If we were just to take that one verse in isolation, it might seem God has actually given us power to seize and command riches and wealth to come to us. But if we dig a little deeper and look at the surrounding context, we see that is not exactly what God has done. Starting in verse 11 Moses writes,

““Take care lest you forget the Lord your God by not keeping his commandments and his rules and his statutes, which I command you today, lest, when you have eaten and are full and have built good houses and live in them, and when your herds and flocks multiply and your silver and gold is multiplied and all that you have is multiplied, then your heart be lifted up, and you forget the Lord your God…

Then after telling them all the things God has done he says,

…Beware lest you say in your heart, ‘My power and the might of my hand have gotten me this wealth.’ You shall remember the Lord your God, for it is he who gives you power to get wealth, that he may confirm his covenant that he swore to your fathers, as it is this day.” (Dt 8:11–18)

Digging a little deeper, we see God hasn’t given us the power to seize and command riches and wealth. God instead is reminding us that He is the one who gives us all that we have. So we shouldn’t allow pride to swell up in our hearts thinking that we are the ones who have created our own wealth.

On the surface, Dollar’s teaching sounds good, it’s even tied to a verse in the Bible, but his message is false. You might not discover his teaching is wrong until you dig a little deeper or have someone point it out to you, which is what makes false teaching so dangerous. It looks good on the surface but it’s really flawed.

(5) False Teachers focus on things that are good but their focus is flawed

We see this in our last woe. Look what Jesus says in verses 23 and 24

““Woe to you, scribes and Pharisees, hypocrites! For you tithe mint and dill and cumin, and have neglected the weightier matters of the law: justice and mercy and faithfulness. These you ought to have done, without neglecting the others. You blind guides, straining out a gnat and swallowing a camel!” (Mt 23:23–24)

Here, Jesus points out that the scribes and Pharisees focused on tithing to the exclusion of what Jesus calls the weightier matters of the Law. When Jesus says this, He isn’t condemning tithing. Tithing is a good thing, a necessary thing, it’s even something God commands. Instead, what Jesus condemns is their focus. He condemns their focus because their focus caused them to neglect mercy, justice, and faithfulness.

Sure, they gave exactly 10% of everything they brought in, but they treated others terribly. They exercised no mercy, they weren’t just in their dealings with others, nor were they faithful.

A modern day example of this is the Cathedral of Hope in Dallas. They state that their mission is to reclaim Christianity as a faith of extravagant grace, radical inclusion and relentless compassion.

Some of what they are on mission to do is good and right. God models and teaches us that we are to show grace and compassion to others. But this church, if you can really call it a church, focuses their attention on two attributes of God. They focus on grace and compassion to the exclusion of God’s other attributes.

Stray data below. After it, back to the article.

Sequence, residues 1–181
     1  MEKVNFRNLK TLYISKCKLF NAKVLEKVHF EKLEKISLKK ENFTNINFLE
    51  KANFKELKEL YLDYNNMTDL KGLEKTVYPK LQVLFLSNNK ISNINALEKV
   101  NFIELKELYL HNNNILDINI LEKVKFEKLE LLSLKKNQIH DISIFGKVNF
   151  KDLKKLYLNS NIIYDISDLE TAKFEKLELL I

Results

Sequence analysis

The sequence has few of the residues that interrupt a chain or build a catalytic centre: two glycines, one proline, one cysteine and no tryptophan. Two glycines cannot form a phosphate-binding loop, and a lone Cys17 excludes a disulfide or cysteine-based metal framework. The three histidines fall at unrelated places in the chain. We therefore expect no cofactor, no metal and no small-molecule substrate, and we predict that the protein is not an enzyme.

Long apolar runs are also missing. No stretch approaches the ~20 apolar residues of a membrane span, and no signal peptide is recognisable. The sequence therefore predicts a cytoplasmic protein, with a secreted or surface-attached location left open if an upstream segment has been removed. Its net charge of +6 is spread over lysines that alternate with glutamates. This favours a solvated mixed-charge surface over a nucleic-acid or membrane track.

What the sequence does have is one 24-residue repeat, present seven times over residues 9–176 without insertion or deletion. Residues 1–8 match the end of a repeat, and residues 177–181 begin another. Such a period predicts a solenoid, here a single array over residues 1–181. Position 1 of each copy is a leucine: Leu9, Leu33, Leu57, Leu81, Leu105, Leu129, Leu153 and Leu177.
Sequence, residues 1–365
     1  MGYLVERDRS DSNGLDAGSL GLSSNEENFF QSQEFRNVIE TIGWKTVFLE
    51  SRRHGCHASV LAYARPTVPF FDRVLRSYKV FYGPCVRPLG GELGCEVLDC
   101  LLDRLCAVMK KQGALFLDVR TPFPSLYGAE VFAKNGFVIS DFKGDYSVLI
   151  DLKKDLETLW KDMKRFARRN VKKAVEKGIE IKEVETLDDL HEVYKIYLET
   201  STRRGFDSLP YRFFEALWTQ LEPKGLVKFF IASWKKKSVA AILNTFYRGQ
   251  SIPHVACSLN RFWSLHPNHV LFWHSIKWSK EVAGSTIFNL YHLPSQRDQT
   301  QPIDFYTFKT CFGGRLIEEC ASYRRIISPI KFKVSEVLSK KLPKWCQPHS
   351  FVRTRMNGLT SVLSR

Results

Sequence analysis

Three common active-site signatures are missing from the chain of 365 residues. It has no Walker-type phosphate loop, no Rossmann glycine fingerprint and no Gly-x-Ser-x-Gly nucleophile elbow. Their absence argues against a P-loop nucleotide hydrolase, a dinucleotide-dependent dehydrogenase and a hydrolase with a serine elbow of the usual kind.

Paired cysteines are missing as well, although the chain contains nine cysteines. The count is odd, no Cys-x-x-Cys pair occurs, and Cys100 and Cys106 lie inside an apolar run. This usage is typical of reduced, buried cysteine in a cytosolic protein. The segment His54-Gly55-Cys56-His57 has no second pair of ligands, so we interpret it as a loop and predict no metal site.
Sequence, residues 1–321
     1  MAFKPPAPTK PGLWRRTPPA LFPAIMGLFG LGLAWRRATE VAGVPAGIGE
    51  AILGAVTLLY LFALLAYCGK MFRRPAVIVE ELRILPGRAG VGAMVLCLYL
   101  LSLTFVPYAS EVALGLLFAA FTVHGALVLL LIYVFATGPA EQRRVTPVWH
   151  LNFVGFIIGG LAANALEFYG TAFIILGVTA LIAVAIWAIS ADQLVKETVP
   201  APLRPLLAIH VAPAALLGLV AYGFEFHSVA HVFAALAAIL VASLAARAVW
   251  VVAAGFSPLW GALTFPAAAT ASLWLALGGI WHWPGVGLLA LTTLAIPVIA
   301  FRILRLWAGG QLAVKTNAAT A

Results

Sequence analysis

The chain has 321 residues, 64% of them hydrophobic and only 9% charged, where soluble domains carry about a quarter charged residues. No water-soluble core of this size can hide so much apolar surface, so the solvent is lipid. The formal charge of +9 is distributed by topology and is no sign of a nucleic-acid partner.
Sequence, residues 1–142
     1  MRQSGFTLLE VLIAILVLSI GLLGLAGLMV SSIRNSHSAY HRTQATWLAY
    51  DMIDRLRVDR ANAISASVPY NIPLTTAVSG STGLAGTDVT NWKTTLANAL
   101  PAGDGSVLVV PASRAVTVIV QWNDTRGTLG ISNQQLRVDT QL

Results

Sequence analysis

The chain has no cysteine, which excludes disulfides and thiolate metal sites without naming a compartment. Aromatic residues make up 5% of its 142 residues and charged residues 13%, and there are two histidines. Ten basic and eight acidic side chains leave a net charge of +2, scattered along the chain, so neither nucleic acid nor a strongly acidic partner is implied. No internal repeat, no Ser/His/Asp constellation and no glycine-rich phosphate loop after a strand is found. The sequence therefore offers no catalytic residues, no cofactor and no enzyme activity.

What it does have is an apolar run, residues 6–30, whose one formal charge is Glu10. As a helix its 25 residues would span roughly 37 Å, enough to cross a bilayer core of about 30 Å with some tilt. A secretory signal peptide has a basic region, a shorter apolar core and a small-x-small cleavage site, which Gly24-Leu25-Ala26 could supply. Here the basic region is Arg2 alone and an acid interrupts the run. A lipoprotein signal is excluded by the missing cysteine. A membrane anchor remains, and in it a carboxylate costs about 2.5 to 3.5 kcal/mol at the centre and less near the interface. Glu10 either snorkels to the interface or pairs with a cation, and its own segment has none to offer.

Their focus on grace and compassion as led them not only to reach out to the LGBT community, but also to include those of other faiths as children of God, which are all things the Bible condemns. So while they are focused on things that are good, they have allowed that focus to take center stage and to supersede the gospel message.

So we see then that false teachers often focus on things that are good, but their focus is flawed. So we have to be careful, we have to be aware, and we have to realize that our focus must be on Jesus and the gospel message, not on something else.

For next time:

Now that we know the dangers of false teachers, what should our response be?

Question for Reflection

  1. Which of these strike you as particularly dangerous?


Post adapted from my sermon False Teachers – Their Desire, Their Danger, Our Response


False Teachers – Part 2a

False Teacher

If false teachers want the same thing as all teachers – for people to believe their message and follow their teaching – why are they so dangerous?

What’s the Danger of False Teachers?

(1) False Teachers use the same methods and platforms as those preaching the gospel

Take Joel Osteen for instance — he’s a false teacher, if you didn’t know. His ministry though looks no different than your average churches ministry. He preaches a message every week using the Bible. He writes books and blogs. He uses social media. He speaks at conferences. His facility is nice and accommodating.

Even though his ministry looks no different than your average churches, he is not preaching the same gospel. He’s preaching a prosperity gospel — One centered on wealth and health instead of Jesus.

But because his method and platform look no different than those preaching the true gospel, he is able to deceive 1000’s every year. So we can’t just go off of looks alone because looks are deceiving.

(2) False Teachers put forth the same or greater effort as those preaching the true gospel

Jesus tells us in verse 15 that the scribes and Pharisees:

travel across sea and land to make a single proselyte,” (Mt 23:15b)

A good modern day example of this is the Mormons. All Mormons, especially young men, are encouraged to participate in missionary work. Their work often takes them far from home, it requires them to learn other languages and cultures, and raise their own support.

The Mormon model mirrors that of Christian missionaries. I have several friends overseas right now working as missionaries. In order to do that, they had to travel far from home, learn other languages and cultures, and raise their own support.

False teachers aren’t sitting back and letting people come to them.